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Tennis star Renata Voracava speaks out from Australian detention center after having visa revoked

Czech tennis player Renata Voracova, who is placed in the same Melbourne detention center where Novak Djokovic is believed to be staying after both had their Australian visas revoked, says her stay so far has felt like being “in prison”.

Voracova entered Australia claiming an exemption from the country’s tight Covid-19 vaccine requirements. In similar circumstances to Novak Djokovic, she found herself in detention after Australian border authorities determined both players had not in fact met entry requirements.

“I’m in a room and I can’t go anywhere,” the 38-year-old Voracova, ranked 81st in doubles, told the Czech newspapers DNES and Sport on Friday. “My window is shut tight, I can’t open it five centimeters,” she said. “And there are guards everywhere, even under the window, which is quite funny. Maybe they thought I would jump and run away,” added Voracova, labelling the hotel as “a better dormitory”.

“They bring me food and there’s a guard in the corridor. You have to report, everything is rationed. I feel a bit like in prison.”

Unvaccinated against Covid-19, Voracova was permitted to enter on an exemption provided by Tennis Australia for her to play in the Australian Open after recovering from the disease late last year. But the Australian government says recent infection is not an acceptable reason for foreign nationals to gain entry without being fully vaccinated.

“The federal officials let me in immediately. I was held at the Victoria state checkpoint as they sent my papers somewhere, but then they confirmed I was free to enter without problems,” she said.

Voracova played in a doubles match at the Melbourne WTA event in the run-up to the Australian Open starting on Jan 17. However, on Thursday local authorities revoked her visa, interrogated her for several hours and sent her into quarantine at the Park Hotel in Melbourne.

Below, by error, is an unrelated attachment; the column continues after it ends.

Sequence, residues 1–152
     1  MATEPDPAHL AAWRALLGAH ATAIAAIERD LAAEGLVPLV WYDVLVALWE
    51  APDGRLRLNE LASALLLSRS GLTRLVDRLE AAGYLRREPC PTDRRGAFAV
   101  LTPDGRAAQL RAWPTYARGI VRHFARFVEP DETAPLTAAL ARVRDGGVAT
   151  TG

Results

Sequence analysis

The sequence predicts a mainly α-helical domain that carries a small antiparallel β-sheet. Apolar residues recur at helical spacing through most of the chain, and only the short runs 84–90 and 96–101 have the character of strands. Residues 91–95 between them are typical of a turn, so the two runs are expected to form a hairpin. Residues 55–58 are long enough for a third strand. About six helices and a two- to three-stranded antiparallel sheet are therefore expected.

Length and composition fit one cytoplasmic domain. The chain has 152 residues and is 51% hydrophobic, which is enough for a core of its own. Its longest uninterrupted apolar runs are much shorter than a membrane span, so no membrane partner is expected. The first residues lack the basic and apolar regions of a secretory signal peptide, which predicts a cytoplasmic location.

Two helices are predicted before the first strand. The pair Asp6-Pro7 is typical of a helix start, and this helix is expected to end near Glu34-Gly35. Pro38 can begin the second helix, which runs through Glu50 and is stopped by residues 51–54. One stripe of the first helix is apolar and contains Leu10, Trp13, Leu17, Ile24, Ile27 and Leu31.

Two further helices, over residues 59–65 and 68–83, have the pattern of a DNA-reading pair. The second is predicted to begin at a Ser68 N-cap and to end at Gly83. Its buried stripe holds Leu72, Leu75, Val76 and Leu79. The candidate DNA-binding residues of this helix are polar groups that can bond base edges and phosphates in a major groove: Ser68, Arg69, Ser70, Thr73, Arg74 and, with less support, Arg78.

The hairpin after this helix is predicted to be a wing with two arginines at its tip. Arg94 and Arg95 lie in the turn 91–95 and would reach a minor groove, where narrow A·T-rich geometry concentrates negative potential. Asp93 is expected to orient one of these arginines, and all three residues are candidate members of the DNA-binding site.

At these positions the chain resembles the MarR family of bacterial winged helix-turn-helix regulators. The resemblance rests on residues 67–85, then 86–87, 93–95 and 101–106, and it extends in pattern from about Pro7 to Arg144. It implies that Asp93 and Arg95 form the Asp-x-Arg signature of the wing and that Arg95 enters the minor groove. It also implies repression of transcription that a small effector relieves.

Voracova plans to return home. She said that she may have ended up in detention due to the attention paid to Djokovic. “I would have to ask for another visa and wait for a week, locked up in a hotel, without training… It doesn’t make sense,” she said. “So I’m waiting for a permit (to leave), on Saturday perhaps.”

“I don’t understand why they would come to me after a week and say, look, the rules that applied do not apply anymore.” Voracova offered her best wishes to Djokovic. “I would like them to let him play. We are athletes, we have come here to play tennis and not to deal with disputes behind the scenes,” Voracova said.

She also praised Djokovic’s fans who supported him in the street outside the hotel. “They sing, they chant. They have even chanted my name. There are crowds of fans. I guess they work shifts.”

ARTICLE: PAUL MURDOCH 

MANAGING EDITOR: CARSON CHOATE

PHOTO CREDITS: WWOS.NINE.COM

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Paul, 37, is from Scotland in the UK, but currently lives and works in Bangkok. Paul has worked in different industries such as telemarketing, retail, hospitality, farming, insurance, and teaching, where he works now. He teaches at an all-girls High School in Bangkok. “It’s a lot of work, but I love my job.” Paul has an active interest in politics. His reason for writing for FBA is to offer people the facts and allow them to make up their own minds. Whilst he believes opinion columns have their place, it is also important that people can have accurate news with no bias.

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